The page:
George Washington Papers

To George Washington from Edmund Randolph, 12 September 1791

From Edmund Randolph

Philadelphia September 12. 1791.


If the Foederal laws were ever so precise in censuring the conduct, to which you alluded in your communication to me on Saturday last, I should doubt, whether the source of your information is not too delicate to become the groundwork of a public act.1 Courts would be very reluctant in extracting testimony from the mouth of an associate, and perhaps the character of government demands, that while it will not suffer any violator of law, how distinguished soever in rank, to escape with impunity, it should not too suddenly seize, what in an unguarded moment may have been dropped.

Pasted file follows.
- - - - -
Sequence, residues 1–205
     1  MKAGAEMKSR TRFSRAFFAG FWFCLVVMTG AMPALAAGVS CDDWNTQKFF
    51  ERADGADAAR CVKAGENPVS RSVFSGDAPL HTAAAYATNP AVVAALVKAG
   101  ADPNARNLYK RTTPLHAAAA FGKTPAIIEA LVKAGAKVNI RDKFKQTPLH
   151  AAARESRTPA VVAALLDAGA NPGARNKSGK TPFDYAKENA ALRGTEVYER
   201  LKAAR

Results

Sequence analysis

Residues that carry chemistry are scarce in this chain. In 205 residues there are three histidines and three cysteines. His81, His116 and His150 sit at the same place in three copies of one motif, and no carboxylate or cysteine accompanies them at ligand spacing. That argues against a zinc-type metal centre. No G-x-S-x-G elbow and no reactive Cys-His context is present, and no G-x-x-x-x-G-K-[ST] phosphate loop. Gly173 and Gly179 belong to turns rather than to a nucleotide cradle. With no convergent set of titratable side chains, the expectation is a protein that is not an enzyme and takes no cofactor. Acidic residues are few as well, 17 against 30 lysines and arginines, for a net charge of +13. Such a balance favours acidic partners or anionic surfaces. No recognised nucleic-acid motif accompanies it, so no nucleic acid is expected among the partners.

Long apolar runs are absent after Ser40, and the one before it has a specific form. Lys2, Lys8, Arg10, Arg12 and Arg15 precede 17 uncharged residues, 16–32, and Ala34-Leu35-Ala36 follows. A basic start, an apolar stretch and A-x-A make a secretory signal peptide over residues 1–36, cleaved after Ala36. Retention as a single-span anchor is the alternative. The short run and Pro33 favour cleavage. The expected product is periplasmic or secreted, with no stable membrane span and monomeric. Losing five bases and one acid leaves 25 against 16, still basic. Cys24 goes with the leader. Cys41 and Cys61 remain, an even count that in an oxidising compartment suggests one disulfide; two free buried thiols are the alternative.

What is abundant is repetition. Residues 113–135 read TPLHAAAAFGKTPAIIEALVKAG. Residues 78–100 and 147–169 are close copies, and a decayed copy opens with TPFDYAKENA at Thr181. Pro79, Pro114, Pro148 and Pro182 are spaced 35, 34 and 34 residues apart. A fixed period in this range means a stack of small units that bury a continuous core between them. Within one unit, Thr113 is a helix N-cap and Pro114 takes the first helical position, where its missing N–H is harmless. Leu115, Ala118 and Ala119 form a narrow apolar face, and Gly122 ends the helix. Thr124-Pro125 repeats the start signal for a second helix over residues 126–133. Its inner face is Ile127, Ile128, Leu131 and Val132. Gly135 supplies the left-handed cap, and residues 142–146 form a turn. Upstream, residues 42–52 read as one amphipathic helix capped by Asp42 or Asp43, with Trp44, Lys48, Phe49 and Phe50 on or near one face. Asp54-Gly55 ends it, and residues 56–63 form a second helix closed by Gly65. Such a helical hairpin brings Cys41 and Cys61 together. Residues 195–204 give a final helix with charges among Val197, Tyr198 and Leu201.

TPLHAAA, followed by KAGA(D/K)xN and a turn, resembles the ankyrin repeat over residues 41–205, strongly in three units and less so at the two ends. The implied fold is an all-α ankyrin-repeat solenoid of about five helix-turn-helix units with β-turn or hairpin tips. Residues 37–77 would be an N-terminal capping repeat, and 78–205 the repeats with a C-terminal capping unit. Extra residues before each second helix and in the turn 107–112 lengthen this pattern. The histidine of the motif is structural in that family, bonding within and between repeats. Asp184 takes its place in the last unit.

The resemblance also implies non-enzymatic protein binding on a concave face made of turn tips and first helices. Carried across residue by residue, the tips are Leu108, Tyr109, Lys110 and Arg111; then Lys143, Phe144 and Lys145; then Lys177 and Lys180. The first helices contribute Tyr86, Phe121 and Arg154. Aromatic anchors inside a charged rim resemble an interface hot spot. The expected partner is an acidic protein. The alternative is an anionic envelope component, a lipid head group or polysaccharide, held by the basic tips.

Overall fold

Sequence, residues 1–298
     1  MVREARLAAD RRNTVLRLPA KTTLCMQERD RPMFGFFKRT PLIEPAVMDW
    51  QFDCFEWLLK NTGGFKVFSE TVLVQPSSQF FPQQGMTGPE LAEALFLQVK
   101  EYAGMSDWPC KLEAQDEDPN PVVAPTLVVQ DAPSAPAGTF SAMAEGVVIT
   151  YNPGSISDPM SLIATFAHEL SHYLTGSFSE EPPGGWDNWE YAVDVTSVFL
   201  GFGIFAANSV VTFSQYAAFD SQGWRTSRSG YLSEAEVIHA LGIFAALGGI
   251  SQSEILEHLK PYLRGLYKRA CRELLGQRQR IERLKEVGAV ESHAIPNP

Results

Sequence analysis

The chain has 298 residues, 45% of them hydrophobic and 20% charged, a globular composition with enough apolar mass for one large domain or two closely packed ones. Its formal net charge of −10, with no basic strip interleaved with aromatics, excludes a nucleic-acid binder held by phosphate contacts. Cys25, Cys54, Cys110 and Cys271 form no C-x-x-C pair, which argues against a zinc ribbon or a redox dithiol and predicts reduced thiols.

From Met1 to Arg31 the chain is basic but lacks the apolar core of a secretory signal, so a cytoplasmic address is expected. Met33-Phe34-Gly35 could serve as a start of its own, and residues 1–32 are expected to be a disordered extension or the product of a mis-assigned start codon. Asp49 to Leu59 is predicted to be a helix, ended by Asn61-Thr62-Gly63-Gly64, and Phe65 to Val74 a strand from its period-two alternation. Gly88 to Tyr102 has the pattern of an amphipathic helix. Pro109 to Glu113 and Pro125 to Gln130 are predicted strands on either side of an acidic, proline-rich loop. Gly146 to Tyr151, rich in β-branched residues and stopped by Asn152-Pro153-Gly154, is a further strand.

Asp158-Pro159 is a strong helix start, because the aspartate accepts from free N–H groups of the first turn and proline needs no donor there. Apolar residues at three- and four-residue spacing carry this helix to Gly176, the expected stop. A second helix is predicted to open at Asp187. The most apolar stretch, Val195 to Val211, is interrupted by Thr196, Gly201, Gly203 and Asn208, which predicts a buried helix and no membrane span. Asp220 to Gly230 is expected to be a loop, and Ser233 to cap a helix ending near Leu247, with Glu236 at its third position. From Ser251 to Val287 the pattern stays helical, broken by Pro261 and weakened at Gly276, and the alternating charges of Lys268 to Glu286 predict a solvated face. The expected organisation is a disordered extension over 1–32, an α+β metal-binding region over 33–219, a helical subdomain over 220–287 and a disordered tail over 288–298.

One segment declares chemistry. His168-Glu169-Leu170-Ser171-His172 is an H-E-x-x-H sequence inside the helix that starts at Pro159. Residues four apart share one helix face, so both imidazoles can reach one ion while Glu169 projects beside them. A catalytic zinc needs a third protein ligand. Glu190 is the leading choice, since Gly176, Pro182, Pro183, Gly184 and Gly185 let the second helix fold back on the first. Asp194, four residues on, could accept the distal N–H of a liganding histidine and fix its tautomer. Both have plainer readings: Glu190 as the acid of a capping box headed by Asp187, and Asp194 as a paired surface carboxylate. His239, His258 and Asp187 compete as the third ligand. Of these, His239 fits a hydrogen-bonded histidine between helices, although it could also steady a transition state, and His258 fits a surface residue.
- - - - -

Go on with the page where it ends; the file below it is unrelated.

But the law itself is, I fear defective.2 The two first attempts, having been abortive, cannot be treated as consummated offences; and even the third has not yet been matured into a strictly legal crime. In what shape the last may finally appear, is still a secret; and for this reason only, if no other existed, the executive would probably forbear to act at present. Its issue is so uncertain, that I should find it difficult now to give an opinion, were it required, adjusted to the various combinations of possible events.

I beg leave, however, to lay before you the copy of a paper, which I prepared for the secretary of state, upon a subject, somewhat analogous to your inquiry. I have not thrown it into more form; because you expressed a wish, that the matter should not at this time be considered officially.3 When the secretary returned the paper to me, he said, that he was convinced, that nothing could be done, as the law now stands.